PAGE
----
By Tris Dixon
There was a time when fighting men were fighting men, and they did what they were both supposed to do and what they were paid to do. Fight.
It seems as though it should be so simple. Yet when the demand is high, the suppliers – or fighters in our case – do not focus on the fight any longer.
It becomes who is the A-side and who is the B? Who gets the left hand-side of the poster? Whose name goes first? Who makes the first ringwalk? Who selects the gloves? Who gets the bigger locker-room?
Of course, it usually boils down to money. Is fighter A being paid what he thinks he is worth and is fighter B being compensated enough to swallow being fighter B, on the right hand side of the poster and having his name second.
As negotiations initiate to pair big-punching heavyweight champions Anthony Joshua (WBA, IBO and IBF) and WBC ruler Deontay Wilder next year, claims from each camp and both sides of the Atlantic have surfaced with the respective teams claiming their man is the star of any potential show.
Wilder and his supporters allege Deontay is better known in the US while Joshua’s team not only contend that their man is bigger in the UK, but is also better-known in the America.
Former Boxing Writers’ Association of America president Jack Hirsch recently posted a picture of himself on social media next to a cardboard cutout of Joshua at Macy’s department store in Brooklyn.
He believed that non-boxing fans do not have any idea who Joshua is in the USA and that he is “not the global star his promoter Eddie Hearn wants to lead us to believe he is.”
Yet surely his appearance advertising sporting products in the USA indicates a level of fame and celebrity not replicated by Wilder, be it in the USA and certainly not in the UK or Europe.
Hirsch contended that Joshua needed to face Wilder next “or he would lose a great amount of credibility.”
He might not be alone. But if Wilder does not face Joshua next, will he not lose credibility in equal if not greater amounts?
He was hardly allowed to cover himself in glory a couple of weeks ago when he beheaded an overweight and inactive Bermane Stiverne in one of heavyweight boxing’s least eagerly anticipated returns of all time.
The claim that Joshua, just one fight removed from that heady Wembley night when he thrilled fans against an aging Wladimir Klitschko, will lose credibility for not fighting Wilder next is crazy if you do not think the same applies in reverse.
Boxing is, of course, a sport of opinions. Who is the draw? Who is worth more money? Who is the better fighter? Just about everything is open to interpretation.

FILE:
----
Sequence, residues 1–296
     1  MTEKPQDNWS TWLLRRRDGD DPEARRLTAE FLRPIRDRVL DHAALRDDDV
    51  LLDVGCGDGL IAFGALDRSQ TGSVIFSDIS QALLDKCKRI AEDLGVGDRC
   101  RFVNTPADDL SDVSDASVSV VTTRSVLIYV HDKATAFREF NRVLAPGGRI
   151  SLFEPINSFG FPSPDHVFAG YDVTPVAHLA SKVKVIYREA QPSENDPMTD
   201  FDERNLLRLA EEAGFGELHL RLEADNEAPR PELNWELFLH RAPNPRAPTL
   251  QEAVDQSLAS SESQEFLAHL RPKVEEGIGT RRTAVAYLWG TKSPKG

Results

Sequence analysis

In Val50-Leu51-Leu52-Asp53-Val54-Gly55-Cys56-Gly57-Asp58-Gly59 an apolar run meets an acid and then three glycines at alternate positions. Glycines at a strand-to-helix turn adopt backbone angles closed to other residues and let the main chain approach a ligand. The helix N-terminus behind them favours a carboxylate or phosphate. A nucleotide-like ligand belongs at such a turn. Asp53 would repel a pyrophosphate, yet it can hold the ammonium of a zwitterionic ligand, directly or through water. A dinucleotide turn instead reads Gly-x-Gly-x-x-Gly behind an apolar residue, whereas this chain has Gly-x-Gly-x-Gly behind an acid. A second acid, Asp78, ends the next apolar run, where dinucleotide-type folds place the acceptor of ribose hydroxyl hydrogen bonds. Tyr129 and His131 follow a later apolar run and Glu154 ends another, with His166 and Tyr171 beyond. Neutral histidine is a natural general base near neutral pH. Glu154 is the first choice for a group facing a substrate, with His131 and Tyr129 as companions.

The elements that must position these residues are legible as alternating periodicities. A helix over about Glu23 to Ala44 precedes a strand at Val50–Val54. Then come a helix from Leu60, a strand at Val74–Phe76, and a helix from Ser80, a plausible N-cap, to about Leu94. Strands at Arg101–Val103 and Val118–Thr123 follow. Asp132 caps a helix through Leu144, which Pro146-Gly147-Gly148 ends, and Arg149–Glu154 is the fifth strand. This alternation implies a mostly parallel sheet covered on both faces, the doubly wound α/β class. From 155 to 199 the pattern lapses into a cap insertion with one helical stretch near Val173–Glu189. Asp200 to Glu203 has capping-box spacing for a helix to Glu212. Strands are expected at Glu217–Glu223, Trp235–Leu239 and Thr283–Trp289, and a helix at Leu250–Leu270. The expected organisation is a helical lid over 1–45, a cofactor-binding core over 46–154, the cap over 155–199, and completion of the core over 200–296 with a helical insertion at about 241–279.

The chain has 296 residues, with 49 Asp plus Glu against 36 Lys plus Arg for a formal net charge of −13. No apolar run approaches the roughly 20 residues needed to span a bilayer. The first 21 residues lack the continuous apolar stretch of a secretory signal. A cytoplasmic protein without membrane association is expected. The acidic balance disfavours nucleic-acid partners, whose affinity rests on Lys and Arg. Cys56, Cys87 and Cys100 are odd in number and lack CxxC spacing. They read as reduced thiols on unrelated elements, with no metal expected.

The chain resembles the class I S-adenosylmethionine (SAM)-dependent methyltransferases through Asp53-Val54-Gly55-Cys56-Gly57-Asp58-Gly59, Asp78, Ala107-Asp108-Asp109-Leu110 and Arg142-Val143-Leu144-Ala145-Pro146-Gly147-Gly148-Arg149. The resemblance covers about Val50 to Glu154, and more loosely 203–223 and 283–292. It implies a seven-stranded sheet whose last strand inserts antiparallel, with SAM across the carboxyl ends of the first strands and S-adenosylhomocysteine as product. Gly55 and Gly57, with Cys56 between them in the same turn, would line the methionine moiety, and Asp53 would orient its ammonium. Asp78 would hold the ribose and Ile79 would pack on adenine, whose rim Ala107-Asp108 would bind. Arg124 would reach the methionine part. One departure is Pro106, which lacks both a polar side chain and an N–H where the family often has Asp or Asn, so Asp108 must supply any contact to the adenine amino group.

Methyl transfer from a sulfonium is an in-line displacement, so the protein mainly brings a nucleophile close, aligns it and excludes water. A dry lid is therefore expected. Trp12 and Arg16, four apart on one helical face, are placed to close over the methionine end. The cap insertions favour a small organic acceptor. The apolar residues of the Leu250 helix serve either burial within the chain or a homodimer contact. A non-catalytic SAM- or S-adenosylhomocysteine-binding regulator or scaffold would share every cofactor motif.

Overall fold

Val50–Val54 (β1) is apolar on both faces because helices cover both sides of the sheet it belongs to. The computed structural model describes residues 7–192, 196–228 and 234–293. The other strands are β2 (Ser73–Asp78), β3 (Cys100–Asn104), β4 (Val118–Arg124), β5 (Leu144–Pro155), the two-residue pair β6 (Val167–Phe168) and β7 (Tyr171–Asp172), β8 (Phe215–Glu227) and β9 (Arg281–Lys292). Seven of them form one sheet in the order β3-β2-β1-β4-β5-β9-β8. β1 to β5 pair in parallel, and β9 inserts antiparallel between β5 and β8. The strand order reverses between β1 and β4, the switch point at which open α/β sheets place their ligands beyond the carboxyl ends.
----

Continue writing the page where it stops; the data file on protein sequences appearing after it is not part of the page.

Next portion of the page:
But Joshua is doing in and around a million pay-per-view buys in the UK. He has sold out two huge outdoor stadiums in consecutive fights. He holds a win over a far more recognisable name in Klitschko than anyone Wilder has fought. US TV wants to showcase his fights and they pay big money to do it. Joshua won Olympic gold in 2012; Wilder won Olympic bronze in 2008. Yet regardless of any of that, the potent combination of wild gunslinger Wilder and novice world champion Joshua is enthralling.
And the fact remains that they are worth far more together than they are against other fighters. It was the same with Floyd Mayweather and Manny Pacquiao.
Sure, they made incredible money against other fighters in the many interim years they spun out before their paths finally did cross, but when they were eventually paired together the money was obscene.
Wilder and Joshua will make plenty of cash dispatching mandatories and lesser rivals. But the money they stand to make for facing one another would likely equate to the amount they would earn from three or four different contests.
And there is nothing wrong with them fighting more than once.
When was the last great heavyweight rivalry, or the last great heavyweight trilogy?
The landscape at boxing’s long-recognised top table is comparatively bleak and there is no problem with these two uniting their respective titles and fighting again. And again.
It is still far from ideal that the biggest fight that can be made in the division – and one of the biggest in the sport – is between two unbeaten punchers with only one meaningful victory between them. The governing bodies have left a permanent stain on the era by allowing Wilder and Joshua such padded rides to the top, something they are not helping by shuffling a slew of undeserving mandatories to the front of their respective queues.
Of course, both Joshua and Wilder will have the opponents to prove themselves against in time.
Until then, this modern game of who has more social media followers, who is more recognisable, who can act like the biggest diva, whose team can drive the harder bargain and who is the draw will rumble on for a few months before what, ultimately, is best for boxing finally happens.